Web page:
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Location: Lancashire
Member Since: Sat May 17, 2008
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Subj: The Daemons of Devil's End - Book Review
Posted: Wed Nov 15, 2017 at 07:56:31 pm CST (Viewed 374 times)

None of us are getting any younger. The world is changing around us and slowly but steadily leaving us behind, the signs are clear to see. I know that technology is fast leaving me behind, and this in spite of the fact I sit in front of a computer for a living... I realise with growing certainty that the comicbooks i read today have largely given up on any effort to be innovative, fresh, or considerate of their (potential) audience, that television is not what it used to be, that I'm fast running out of time to ever progress any further at my workplace... and then there's Doctor Who.
If ever an example was needed that age is a physical barrier, a subtle but oh-so real force in the world, then one would need look no further than the current schism that has cracked the fanbase in half. The question of whether the good Doctor has any business in suddenly and inexplicably regenerating into a Woman is merely the surface of the civil war that has erupted across the net-sphere, the underlying reality, which few are cognisant enough to identify, is more to do with the clash between two completely different, yet paradoxically legitimate, generations of fans. On the one side of the schism, stands the oldtimers. The longtime fans who have been there before the series was revived in 2005, And on the other the New Series arrivals - those who came to the series with the revival and have only the revived series and its now twelve year old ethos to inform their views and perception of both series and the character.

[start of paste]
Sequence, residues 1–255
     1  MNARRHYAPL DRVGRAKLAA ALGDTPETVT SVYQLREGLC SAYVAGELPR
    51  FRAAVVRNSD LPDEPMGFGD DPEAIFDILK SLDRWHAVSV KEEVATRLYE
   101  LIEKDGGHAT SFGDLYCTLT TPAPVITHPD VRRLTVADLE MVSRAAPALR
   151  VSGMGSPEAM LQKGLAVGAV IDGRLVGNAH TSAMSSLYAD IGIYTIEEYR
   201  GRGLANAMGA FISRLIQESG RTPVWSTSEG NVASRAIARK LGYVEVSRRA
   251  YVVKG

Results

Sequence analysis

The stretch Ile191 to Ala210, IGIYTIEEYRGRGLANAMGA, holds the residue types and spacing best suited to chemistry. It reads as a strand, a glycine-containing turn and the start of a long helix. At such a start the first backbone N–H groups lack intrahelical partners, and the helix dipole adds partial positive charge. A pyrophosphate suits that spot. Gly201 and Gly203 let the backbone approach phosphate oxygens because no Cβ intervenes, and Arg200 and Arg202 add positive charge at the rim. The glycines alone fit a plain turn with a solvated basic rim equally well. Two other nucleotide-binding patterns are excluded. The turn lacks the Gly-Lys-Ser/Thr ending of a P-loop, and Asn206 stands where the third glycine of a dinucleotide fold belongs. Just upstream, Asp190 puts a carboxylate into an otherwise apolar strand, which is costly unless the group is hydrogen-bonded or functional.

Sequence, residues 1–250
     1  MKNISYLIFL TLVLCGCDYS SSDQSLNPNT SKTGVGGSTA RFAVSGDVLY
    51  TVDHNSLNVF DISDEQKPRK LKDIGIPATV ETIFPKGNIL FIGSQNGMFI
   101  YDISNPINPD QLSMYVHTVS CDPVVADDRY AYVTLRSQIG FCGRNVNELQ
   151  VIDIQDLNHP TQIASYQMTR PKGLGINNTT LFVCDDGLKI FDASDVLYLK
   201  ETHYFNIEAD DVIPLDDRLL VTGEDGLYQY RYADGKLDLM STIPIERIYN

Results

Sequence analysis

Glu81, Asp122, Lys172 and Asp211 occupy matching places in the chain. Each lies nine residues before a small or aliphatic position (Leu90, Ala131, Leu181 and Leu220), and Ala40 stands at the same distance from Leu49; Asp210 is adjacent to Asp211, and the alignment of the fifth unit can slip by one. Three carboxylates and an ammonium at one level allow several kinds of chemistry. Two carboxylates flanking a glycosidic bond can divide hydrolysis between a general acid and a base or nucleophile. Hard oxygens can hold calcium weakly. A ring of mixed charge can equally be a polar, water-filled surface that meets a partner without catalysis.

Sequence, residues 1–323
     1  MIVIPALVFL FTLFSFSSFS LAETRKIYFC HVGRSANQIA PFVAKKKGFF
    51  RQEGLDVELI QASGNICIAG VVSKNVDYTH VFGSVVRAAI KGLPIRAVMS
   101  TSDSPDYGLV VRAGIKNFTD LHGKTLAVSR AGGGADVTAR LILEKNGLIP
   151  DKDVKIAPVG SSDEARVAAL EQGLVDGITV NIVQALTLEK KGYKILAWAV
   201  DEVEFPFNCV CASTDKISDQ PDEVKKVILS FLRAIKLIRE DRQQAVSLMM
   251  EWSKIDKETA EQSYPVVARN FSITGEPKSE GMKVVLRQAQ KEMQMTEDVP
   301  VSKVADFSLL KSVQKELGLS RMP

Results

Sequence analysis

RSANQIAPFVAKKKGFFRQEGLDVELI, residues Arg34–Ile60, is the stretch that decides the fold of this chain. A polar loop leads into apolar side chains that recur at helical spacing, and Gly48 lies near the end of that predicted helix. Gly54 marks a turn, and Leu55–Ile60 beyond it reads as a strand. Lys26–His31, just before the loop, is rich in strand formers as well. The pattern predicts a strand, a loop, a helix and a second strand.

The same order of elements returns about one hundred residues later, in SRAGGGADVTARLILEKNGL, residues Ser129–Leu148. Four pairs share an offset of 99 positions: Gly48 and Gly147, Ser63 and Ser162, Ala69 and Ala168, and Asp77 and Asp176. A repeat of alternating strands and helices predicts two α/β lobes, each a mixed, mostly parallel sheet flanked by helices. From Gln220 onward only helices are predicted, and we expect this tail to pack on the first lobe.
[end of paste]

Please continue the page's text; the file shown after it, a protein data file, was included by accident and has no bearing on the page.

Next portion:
Oldtimers will naturally have quite a differing level of expectation and what the series' standards should be, the modern series has more the influence of the fantasy Harry Potter series than it does of the more Quatermass/Hammer Horror/science-fiction stylings of the original series, and as such the fundamental differences between each generation of fans' outlooks and expectation has exploded forth in the wake of the announcement of the new casting. In a modern series where the dominant theme threaded through it is that "anything goes", the abrupt arrival of a regeneration that is female after a lifetime of comfortable manliness has only confirmed the longstanding suspicions and beliefs that Modern Doctor Who is a betrayal of what the original series was driven by and why it continually succeeded for generations...

It can be said to be a question of taste. It can also be rightly said to be a question of age. And with an older element now too enraged and/or offended by feelings of betrayal and vandalism it says much about the stubbornness and self-entitlement of these older fans that age has not brought much wisdom. Perhaps if allowing themselves a period for being self-reflective wisdom might allow an admittal that the modern series is not made for them anymore. That perhaps the correct thing to do is step aside and allow for younger people to embrace the series and judge it for themselves.